The righteous person may have many troubles,

    but the Lord delivers him from them all;

20 he protects all his bones,

    not one of them will be broken.

21 Evil will slay the wicked;

    the foes of the righteous will be condemned.

22 The Lord will rescue his servants;

    no one who takes refuge in him will be condemned.

Note that there is a self-destructive element to “Evil” (21), and this thought can encourage us today

These final verses reiterate the main themes of Psalm 34, and re-emphasise the truth of there being a great gulf between the people accepted by God, and those rejected by Him. In verses 21,22 the word “condemned” comes from the same verb as ‘make them bear their guilt in Psalm 5:10. (Consider Romans 8:1, and 35ff, and the difference faith in Jesus makes).

There is a realism about verse 19. Being right with God, and therefore committed to right living, is no guarantee of a trouble-free life. (See 2 Timothy 3:12). But God is our ever-available “refuge” (22b). Ultimately, all will be well for those who are right with God. (See the paradox in Luke 21:16,18).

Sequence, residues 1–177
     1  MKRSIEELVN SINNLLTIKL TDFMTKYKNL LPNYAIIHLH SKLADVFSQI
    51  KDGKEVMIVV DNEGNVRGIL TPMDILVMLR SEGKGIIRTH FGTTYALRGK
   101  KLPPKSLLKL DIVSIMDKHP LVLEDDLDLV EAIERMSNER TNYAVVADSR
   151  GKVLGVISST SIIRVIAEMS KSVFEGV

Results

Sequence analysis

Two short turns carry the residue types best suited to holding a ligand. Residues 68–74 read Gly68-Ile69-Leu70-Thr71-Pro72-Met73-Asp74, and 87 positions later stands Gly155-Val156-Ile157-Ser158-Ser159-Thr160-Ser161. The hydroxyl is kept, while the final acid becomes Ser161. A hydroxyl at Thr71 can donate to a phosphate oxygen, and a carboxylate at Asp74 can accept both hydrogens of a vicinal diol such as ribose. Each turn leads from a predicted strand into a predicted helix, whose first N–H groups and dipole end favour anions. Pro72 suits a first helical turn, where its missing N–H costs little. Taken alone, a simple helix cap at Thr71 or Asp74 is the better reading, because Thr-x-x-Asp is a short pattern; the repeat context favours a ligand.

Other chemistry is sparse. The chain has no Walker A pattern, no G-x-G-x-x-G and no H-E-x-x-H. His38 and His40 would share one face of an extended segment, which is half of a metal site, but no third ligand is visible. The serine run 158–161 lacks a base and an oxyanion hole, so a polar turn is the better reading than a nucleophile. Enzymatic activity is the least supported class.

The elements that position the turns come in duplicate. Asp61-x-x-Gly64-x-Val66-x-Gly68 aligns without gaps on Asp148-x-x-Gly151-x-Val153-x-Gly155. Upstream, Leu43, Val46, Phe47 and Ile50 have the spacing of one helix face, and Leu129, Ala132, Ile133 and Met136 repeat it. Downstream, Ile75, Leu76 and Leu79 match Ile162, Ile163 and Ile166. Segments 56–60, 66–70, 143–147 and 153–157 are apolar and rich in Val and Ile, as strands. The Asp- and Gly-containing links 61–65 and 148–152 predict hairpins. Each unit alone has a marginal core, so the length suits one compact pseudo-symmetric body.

Kidner, (p.159), says of verse 19b: ‘The sweeping affirmation…urges the mind forward to look beyond death, if such a promise is to be honoured.’ That said, the protection spoken of in this verse was literally given to Jesus, the most “righteous’ man ever to live. Not one of His bones was broken:

“The soldiers therefore came and broke the legs of the first man who had been crucified with Jesus, and then those of the other. But when they came to Jesus and found that he was already dead, they did not break his legs” (John 19:32,33).

Verse 36 says, “These things happened so that the scripture would be fulfilled: “Not one of his bones will be broken…” (Exodus 12:46 may also have been in John’s mind at this point).

We leave our rather long look at Psalm 34 with these wonderful words from Derek Kidner’s Commentary:

‘At whatever level David himself understood his affirmation of 22a…the whole verse is pregnant with a meaning which comes to birth in the gospel and which is hardly viable in any form that falls short of this. The Christian can echo the jubilant spirit of the psalm with added gratitude, knowing the unimagined cost of 22a and the unbounded scope of 22b’ (pp.159/160).